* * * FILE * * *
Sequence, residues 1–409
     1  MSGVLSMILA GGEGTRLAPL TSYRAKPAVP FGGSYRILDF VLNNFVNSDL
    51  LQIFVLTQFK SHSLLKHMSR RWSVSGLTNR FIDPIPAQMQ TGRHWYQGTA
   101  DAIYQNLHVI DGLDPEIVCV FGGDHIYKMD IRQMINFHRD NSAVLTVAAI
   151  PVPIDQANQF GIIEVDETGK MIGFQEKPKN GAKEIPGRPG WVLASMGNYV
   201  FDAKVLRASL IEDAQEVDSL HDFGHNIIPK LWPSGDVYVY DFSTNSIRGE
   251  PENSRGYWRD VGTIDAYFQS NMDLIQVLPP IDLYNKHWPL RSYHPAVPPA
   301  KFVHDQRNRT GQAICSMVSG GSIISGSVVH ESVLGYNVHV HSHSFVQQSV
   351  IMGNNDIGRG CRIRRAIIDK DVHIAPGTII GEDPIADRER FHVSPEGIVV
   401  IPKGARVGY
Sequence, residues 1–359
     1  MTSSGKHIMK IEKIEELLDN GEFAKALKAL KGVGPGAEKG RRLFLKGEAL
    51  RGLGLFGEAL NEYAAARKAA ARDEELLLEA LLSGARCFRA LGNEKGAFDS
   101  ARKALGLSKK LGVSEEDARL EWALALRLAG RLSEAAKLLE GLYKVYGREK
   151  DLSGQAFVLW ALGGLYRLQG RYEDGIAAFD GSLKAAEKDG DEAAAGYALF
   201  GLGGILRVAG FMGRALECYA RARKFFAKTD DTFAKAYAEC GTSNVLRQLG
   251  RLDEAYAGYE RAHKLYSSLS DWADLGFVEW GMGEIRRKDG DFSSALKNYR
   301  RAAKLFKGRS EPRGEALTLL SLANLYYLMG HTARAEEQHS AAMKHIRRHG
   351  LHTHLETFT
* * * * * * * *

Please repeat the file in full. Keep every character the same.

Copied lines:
Sequence, residues 1–409
     1  MSGVLSMILA GGEGTRLAPL TSYRAKPAVP FGGSYRILDF VLNNFVNSDL
    51  LQIFVLTQFK SHSLLKHMSR RWSVSGLTNR FIDPIPAQMQ TGRHWYQGTA
   101  DAIYQNLHVI DGLDPEIVCV FGGDHIYKMD IRQMINFHRD NSAVLTVAAI
   151  PVPIDQANQF GIIEVDETGK MIGFQEKPKN GAKEIPGRPG WVLASMGNYV
   201  FDAKVLRASL IEDAQEVDSL HDFGHNIIPK LWPSGDVYVY DFSTNSIRGE
   251  PENSRGYWRD VGTIDAYFQS NMDLIQVLPP IDLYNKHWPL RSYHPAVPPA
   301  KFVHDQRNRT GQAICSMVSG GSIISGSVVH ESVLGYNVHV HSHSFVQQSV
   351  IMGNNDIGRG CRIRRAIIDK DVHIAPGTII GEDPIADRER FHVSPEGIVV
   401  IPKGARVGY
Sequence, residues 1–359
     1  MTSSGKHIMK IEKIEELLDN GEFAKALKAL KGVGPGAEKG RRLFLKGEAL
    51  RGLGLFGEAL NEYAAARKAA ARDEELLLEA LLSGARCFRA LGNEKGAFDS
   101  ARKALGLSKK LGVSEEDARL EWALALRLAG RLSEAAKLLE GLYKVYGREK
   151  DLSGQAFVLW ALGGLYRLQG RYEDGIAAFD GSLKAAEKDG DEAAAGYALF
   201  GLGGILRVAG FMGRALECYA RARKFFAKTD DTFAKAYAEC GTSNVLRQLG
   251  RLDEAYAGYE RAHKLYSSLS DWADLGFVEW GMGEIRRKDG DFSSALKNYR
   301  RAAKLFKGRS EPRGEALTLL SLANLYYLMG HTARAEEQHS AAMKHIRRHG
   351  LHTHLETFT